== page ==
* Demand for electricity is soaring. Sustained economic growth has brought new homes and new businesses, all using a myriad of electronic appliances and gadgets. That pushes electricity use to nearly twice that of earlier projections. California's electric consumption grows 1,000 megawatts a year -- enough to power 800,000 homes. Arizona's utilities warn that the 40% growth in demand over the past decade has left the state short of megawatts this summer. There are similar warnings in New York, Kansas and Indiana.

* Electric production is falling behind. In the 1980s, the nation's power grid generated up to 30% more electricity than needed. But a 20-year lag in power plant construction has dropped that cushion to 14%, just under the 15% of reserves that was the industry standard. By 2005, it could fall below 10% -- a level that now triggers automatic warnings of near brownout conditions.

* Long-distance transmission lines between regions are sagging under increased loads. Transmission lines move increasing amounts of wholesale power over long distances. In 1995, there were 25,000 transactions where electricity was sold from one region to another. Last year, the number hit 2 million. In a growing number of areas, the transmission lines are carrying all the power they can. Yet little is being done to upgrade old transmission lines or build more.

* Local distribution systems are also overtaxed. Cities are experiencing power outages as aging networks strain under demands of new buildings and businesses. Thousands of people were left without power July 6 in New York City and for 19 hours in 1999 after increased demand triggered a system failure. Detroit had similar problems in June. Sections of Chicago and its suburbs lost power on six occasions last summer.

* Electric conservation efforts have faded. When utilities were responsible for providing power within a state, they often avoided the cost of new power plants by cutting demand by offering consumer subsidies on more efficient appliances and construction materials. With deregulation, many utilities no longer bear the burden of assuring supplies. As a result, conservation programs have been cut 70% since 1995.

David Nemtzow, president of the Alliance to Save Energy, a non-profit group in Washington, D.C., says such programs cut power usage by 21,000 megawatts, the equivalent of 40 generating plants.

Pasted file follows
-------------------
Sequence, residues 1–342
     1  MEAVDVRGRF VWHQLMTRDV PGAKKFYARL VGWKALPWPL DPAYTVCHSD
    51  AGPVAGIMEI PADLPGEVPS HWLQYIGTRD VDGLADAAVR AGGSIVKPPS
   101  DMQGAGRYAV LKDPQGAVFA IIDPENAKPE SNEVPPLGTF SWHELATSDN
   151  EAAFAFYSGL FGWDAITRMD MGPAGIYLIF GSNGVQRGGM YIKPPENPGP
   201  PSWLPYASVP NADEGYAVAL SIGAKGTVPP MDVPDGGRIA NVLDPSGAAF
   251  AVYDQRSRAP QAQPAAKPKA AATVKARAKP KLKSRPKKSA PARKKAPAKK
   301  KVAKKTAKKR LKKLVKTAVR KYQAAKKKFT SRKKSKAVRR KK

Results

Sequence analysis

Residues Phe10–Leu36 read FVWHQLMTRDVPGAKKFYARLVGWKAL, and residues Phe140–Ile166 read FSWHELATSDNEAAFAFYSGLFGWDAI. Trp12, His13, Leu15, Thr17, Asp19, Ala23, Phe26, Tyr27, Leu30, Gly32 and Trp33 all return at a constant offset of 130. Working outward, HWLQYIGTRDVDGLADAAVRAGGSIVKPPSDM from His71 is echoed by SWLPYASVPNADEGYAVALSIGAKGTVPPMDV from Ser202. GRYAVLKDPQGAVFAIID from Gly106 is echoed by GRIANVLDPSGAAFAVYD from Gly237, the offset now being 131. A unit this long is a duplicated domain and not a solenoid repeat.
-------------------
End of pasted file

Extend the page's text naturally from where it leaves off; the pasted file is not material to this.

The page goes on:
''What has been lost is a much cheaper, acceptable alternative,'' Nemtzow says.

The electric drought has its roots in the 1970s, when big, new coal-fired and nuclear generating plants had most of the nation awash in too much power. State regulatory panels punished the utilities for their overexuberance by barring them from passing costs of unused power to customers. Such economic risks offered little incentive to build generation facilities. ''We clearly overbuilt in the '60s and the '70s,'' says Brier of the Edison Institute. ''Then for the past 16 years, we've had the longest growth cycle in the nation's history.''

In 1990, the North American Electric Reliability Council estimated that demand for electricity would grow 1.8% annually. Instead, it rose an average of nearly 3% annually, gobbling up reserves.

The growth is due, in part, to the proliferation of computer and high-tech peripherals, from printers and servers to fax machines and wireless phones. Industry studies found that high-tech paraphernalia had a negligible effect on power usage as late as 1993. Today, it is estimated to account for 13% of all usage. By 2020, it is expected to reach 25%.

The reliance on computers presents other problems. Utilities reduce their loads in hot weather through ''interruptible service'' contracts. These contracts offer companies lower rates in exchange for the right to shut off their power in times of need. But today's tech companies need a steady power supply to survive. Even a temporary interruption means days of resetting sensitive equipment.

''The smallest bleep in power supplies can create havoc,'' says Michelle Montague-Bruno, a spokeswoman for the Silicon Valley Manufacturing Group.